Working through Blocks to Your Life Purpose

You may have emotional or psychological issues that get in the way of your being able to discover your life purpose or to make it happen in your life. Let’s look at a few. You may discover others in yourself.


Some people approach the question of life purpose with explicit or hidden ideas of what their life purpose ought to be. This usually comes from “shoulds” they have internalized or created about how to serve the world. You may believe your life purpose must fit some idea of a good person or that you must pick a life purpose that involves giving to others. There may be someone who is important to you who has an idea about what your career should or shouldn’t be. Life purpose is not about being a “good person” according to any standards and it isn’t necessarily about giving. It is about following your heart and doing what you love to do and is deeply meaningful. Your life purpose will probably turn out to be an important contribution to other people and the world, but it will be one that springs from passion and meaning, not a sense of obligation or guilt.

People who want to be social change agents are especially prone to shoulds. For example, “If I really care about poor people, I should join an activist group that works on social justice issues.” That is the best way for some people to help the disadvantaged, but maybe your life purpose is to produce art that inspires downtrodden groups to recognize their collective power. It is crucial to follow your heart, not some standard for what should be done.

A related problem is that social activists often find their life purpose quest blocked by guilt. There are so many different issues that need changing. When you read about one in the paper, you may feel guilty that you aren’t doing something about it. This is can lead to a feeling of being overwhelmed and stuck, not knowing which way to go. It all feels like too much, so you avoid taking any action. If this is happening to you, it is helpful to remember that you can only help with one (or two) issues. You should choose them carefully according to the passions of your life purpose, and then let the others go. You can still care about them, but you must focus your efforts on what you are called to do.


Success and failure provide important feedback from the real world about the wisdom of your choices as you search for a way to manifest your life purpose. When a project doesn’t work out, the best response is to see this as a learning opportunity, not a statement about your capacities or your self-worth. A constructive response is to consider how to approach the situation differently or discover other directions that will work better. Instead, often a failure is taken as proof of your inadequacy or unworthiness. The need for success and fear of failure can block your ability to even know your life purpose. You may doubt your ability to take on a project and therefore not even consider it as your life purpose. You may tell yourself that you aren’t worthy enough to think about a certain life purpose.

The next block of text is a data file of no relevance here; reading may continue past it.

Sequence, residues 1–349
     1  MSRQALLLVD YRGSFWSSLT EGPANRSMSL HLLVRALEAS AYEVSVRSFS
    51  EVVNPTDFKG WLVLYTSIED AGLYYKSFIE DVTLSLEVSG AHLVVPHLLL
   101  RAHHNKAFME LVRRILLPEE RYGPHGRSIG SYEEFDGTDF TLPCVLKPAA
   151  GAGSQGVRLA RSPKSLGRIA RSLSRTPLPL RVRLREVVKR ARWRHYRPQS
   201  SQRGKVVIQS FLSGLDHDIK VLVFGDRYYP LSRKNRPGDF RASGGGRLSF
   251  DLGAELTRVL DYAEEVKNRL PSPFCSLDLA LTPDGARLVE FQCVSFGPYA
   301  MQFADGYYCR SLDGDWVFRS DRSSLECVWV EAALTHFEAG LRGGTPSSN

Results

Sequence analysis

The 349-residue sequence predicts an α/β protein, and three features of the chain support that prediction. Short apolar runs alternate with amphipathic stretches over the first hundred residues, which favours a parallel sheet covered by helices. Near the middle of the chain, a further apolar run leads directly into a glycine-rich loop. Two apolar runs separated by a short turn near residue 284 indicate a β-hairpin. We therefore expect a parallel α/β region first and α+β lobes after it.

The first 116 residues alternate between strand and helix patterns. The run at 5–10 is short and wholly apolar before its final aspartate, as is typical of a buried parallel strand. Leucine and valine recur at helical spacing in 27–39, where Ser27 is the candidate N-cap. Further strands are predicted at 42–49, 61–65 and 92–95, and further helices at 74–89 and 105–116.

Once you are working on actualizing your life purpose, insecurity can make it hard for you to act. You may feel pressure to perform and a fear that you can’t. You may be afraid to take the risks required to truly fulfill your life purpose. You do need to match your abilities with your dreams and choose a career or project that fits you. However, everyone has a contribution to make. It is only a matter of discovering yours. It can be helpful to do psychological work on your self-esteem in order to work through blocks in this area.

Fear of Success

The fear of success may also block you from knowing your life purpose. You may fear that you will be ostracized if you are too successful, or that some calamity will befall you because you don’t deserve success, or that it is disloyal to your parents to be more successful than they. You may feel that it isn’t OK to be as “large” as you really are. Therefore you may not consider a life purpose that involves a significant project or makes you publicly visible. Making these fears conscious goes a long way toward dispelling them. You may have to let go of a certain dependence on a parent or partner. You may have to relinquish an image of yourself as small and weak.


Fear of Risk

You may be avoiding knowing your life purpose because it would involve risks that make you anxious. You may want to avoid changing jobs because you feel secure and at home in your current job even though it isn’t right for you. Sometimes just recognize these fears is enough to get past them. Sometimes taking one risk helps to overcome the anxiety in future situations.


While engaged in your life purpose, you may discover that you also have strong ego motivations for doing the project–prestige, money, being liked, power. This is not necessarily a problem, but if your ego needs become too great they may eclipse your true motivation for your life purpose, and the project or job can be diverted or distorted from its real aim.

Getting Practical Too Soon

At the beginning of the life purpose search, it is important to let yourself dream, to contemplate your ideal career or way of contributing to the world. Don’t let yourself rule anything out because it doesn’t seem practical or you don’t think you can make a living at it. Don’t ignore something just because you don’t think you can pull it off. Later on you will need to deal with these questions, but if you bring them in too soon, you may rule out your true life purpose before you give it a chance.